Meanwhile the disciples were urging him, saying, “Rabbi, eat.” But he said to them, “I have food to eat that you do not know about.” So the disciples said to one another, “Has anyone brought him something to eat?” Jesus said to them, “My food is to do the will of him who sent me and to accomplish his work.
(John 4:31-34 ESV)
As someone who has struggled all his life to eat the right things at the right time, this passage is very disconcerting. I just came back from a conference in Los Angeles this week. The subject of the conference (I published my notes on this blog at www.the-morning-watch.blogspot.com if you want to see them) was church planting. But the subtext -- the thing that kept coming up in conversation -- was food. It seemed we were always discussing where the best Mexican or Asian restaurant was in Los Angeles, where to get the best burritos or Korean bar-b-q. Three of the young men at the conference had recently lost a combined 170 pounds. Each in their early-to-mid 30s, they were prime examples of our cultural quest for the perfect body. And they were achieving their goals!
There were other men at the conference built more like me. I remember when I was a teen swearing in my own thoughts that I’d never let myself weigh more than 160. At one point just before I had my gall bladder out last year I weighed 260. I’ve been hovering around 240 for the past year, and I’ll admit that the discipline these young men displayed in losing the extra baggage they were carrying have inspired me. Now all I have to overcome is the principle of inertia: bodies at rest tend to stay at rest.
Enter the story of the Jesus and the Woman at the Well (John 4). The chapter begins by saying Jesus “left Judea and departed again for Galilee. And he had to pass through Samaria.” A quick look at any map will tell you that you don’t have to pass through Samaria (North WEST of Judea) to get to Galilee (North EAST of Judea). In fact, that’s probably the last way any self-respecting Jew would take to get home to Galilee. Still, it was good exercise. You have to cross the hill country of Judea to get over to Samaria, which lies more along the Mediterranean. The usual way people got to Galilee was by water, traveling up the River Jordan – much easier on the ol’ legs.
Once Jesus got to Sychar (a kind of first century tourist trap because Jacob’s Well was there), he sends his disciples into town to buy food. When he meets the woman, they talk about water:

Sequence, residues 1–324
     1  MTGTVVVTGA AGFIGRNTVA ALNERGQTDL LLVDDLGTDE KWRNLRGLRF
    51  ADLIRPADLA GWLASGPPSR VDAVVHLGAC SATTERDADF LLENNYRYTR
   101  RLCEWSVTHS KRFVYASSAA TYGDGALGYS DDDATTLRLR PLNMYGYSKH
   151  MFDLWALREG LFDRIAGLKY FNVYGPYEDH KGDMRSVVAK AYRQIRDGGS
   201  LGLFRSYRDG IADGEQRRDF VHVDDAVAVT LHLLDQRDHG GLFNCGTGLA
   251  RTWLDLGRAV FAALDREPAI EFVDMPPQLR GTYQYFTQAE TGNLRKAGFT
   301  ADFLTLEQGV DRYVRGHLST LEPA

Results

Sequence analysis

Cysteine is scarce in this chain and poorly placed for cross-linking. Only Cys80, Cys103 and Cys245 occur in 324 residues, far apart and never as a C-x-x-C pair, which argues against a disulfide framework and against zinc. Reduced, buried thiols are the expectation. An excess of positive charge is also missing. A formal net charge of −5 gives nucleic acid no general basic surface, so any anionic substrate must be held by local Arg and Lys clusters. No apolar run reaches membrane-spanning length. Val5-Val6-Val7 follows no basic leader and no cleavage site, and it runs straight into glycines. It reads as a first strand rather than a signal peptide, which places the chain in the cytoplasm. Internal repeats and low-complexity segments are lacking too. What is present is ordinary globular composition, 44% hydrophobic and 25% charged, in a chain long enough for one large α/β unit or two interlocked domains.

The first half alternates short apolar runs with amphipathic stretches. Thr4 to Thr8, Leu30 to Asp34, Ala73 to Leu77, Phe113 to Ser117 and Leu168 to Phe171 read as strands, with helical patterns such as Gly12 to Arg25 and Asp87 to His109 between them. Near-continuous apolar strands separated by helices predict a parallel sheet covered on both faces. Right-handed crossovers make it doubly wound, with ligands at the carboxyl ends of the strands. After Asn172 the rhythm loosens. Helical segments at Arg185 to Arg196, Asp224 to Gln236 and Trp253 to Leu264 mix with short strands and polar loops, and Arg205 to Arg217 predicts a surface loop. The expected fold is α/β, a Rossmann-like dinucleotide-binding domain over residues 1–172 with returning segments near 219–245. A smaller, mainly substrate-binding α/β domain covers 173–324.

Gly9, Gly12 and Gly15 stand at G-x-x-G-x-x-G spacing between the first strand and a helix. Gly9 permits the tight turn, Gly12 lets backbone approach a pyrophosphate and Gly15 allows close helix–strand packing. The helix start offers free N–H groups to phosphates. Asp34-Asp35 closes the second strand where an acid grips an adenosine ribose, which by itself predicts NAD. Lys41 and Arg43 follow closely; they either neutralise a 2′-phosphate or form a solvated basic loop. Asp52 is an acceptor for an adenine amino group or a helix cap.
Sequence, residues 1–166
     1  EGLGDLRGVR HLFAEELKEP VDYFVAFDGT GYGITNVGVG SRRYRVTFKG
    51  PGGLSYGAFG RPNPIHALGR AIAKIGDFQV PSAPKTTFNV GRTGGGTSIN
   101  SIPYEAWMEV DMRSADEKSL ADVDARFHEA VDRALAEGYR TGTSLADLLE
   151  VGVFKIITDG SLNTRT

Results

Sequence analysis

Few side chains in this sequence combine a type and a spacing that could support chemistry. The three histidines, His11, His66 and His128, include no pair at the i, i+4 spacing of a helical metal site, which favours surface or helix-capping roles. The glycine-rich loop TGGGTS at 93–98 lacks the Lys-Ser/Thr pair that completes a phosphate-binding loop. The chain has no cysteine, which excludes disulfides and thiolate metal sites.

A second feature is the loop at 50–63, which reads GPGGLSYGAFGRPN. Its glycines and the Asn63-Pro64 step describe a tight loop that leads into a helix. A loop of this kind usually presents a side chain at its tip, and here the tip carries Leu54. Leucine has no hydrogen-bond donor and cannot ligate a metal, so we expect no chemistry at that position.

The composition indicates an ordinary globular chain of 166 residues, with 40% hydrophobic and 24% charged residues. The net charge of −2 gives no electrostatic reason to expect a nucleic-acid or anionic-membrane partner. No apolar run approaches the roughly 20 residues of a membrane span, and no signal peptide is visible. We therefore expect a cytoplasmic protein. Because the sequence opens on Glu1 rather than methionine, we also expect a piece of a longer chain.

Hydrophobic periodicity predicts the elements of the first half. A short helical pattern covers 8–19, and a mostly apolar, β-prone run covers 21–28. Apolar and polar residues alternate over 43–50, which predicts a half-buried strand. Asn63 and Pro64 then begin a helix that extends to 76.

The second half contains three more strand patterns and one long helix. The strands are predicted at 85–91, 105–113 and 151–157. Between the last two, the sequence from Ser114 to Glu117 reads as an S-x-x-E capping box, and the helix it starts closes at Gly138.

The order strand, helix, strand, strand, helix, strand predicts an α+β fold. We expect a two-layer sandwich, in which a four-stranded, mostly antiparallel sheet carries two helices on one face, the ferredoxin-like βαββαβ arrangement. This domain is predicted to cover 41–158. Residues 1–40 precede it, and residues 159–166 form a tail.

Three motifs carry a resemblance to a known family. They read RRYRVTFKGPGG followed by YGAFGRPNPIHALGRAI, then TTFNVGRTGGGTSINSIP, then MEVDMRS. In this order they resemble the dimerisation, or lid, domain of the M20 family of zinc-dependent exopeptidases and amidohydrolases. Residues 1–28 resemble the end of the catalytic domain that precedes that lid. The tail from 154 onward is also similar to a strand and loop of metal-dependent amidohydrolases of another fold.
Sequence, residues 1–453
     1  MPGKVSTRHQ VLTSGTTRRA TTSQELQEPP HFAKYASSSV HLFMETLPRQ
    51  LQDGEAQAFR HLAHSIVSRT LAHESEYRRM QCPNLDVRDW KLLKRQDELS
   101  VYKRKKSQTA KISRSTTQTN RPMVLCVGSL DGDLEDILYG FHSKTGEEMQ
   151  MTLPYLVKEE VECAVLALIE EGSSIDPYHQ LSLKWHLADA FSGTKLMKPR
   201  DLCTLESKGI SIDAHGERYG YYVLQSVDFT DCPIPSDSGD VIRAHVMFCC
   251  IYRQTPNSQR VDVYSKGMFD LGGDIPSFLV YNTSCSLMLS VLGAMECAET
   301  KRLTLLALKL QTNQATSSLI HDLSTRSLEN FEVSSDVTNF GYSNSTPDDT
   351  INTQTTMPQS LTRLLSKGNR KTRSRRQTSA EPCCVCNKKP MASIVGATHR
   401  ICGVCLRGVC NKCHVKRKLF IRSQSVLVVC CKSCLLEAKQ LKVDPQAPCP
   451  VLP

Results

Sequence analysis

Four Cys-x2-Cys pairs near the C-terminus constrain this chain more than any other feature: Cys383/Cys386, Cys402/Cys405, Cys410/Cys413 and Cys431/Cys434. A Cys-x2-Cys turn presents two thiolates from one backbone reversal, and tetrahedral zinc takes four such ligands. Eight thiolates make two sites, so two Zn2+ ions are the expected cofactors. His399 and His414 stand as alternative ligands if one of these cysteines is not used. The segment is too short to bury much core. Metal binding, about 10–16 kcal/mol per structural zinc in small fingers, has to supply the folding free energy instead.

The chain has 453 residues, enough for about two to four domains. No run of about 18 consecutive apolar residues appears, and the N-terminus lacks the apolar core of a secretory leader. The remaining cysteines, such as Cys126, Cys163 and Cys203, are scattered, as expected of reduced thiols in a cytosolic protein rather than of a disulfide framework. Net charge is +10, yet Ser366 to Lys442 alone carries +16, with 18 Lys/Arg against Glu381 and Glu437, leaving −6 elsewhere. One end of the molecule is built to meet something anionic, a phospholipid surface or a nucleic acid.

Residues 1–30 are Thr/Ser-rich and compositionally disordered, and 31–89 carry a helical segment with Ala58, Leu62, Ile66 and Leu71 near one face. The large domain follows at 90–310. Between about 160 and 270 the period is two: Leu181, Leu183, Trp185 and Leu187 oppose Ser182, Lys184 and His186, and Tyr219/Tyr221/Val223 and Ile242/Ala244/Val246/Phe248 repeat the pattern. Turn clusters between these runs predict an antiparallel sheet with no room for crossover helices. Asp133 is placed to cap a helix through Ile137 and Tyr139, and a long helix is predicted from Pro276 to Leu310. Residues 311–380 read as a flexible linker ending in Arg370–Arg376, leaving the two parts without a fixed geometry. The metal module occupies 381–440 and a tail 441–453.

A woman from Samaria came to draw water. Jesus said to her, “Give me a drink.” (For his disciples had gone away into the city to buy food.) The Samaritan woman said to him, “How is it that you, a Jew, ask for a drink from me, a woman of Samaria?” (For Jews have no dealings with Samaritans.) Jesus answered her, “If you knew the gift of God, and who it is that is saying to you, ‘Give me a drink,’ you would have asked him, and he would have given you living water.”
You know, the woman never did get to fill her water jar. And as the text we started with attests, Jesus never did get his lunch.
How many times have I sat down to read the Bible in the morning and been diverted by making breakfast or putting the coffee on and never gotten back to God’s Word? Are pancakes or an egg sandwich all that much more interesting than Isaiah or the Psalms? Would I ever choose to take the hard way to get somewhere just because it might mean that I’d run into someone I could share Christ with? Would I walk instead of drive just because it would bring me in contact with people very unlike me? Would I be willing to miss lunch in order to walk the streets of Frog Hollow (a poor and very dangerous section of Hartford where a middle aged white would be very out of place)? The sad fact is that I might go there, but my reason would be to take in the food at El Sarape (931 Broad St., near the corner of Ward St.)
Jesus combined diet, exercise, and mission (going to Samaria), and won not only a woman, but many from the town of Sychar over. Now there’s a diet I could really get behind. Lord, help me to overcome my inertia.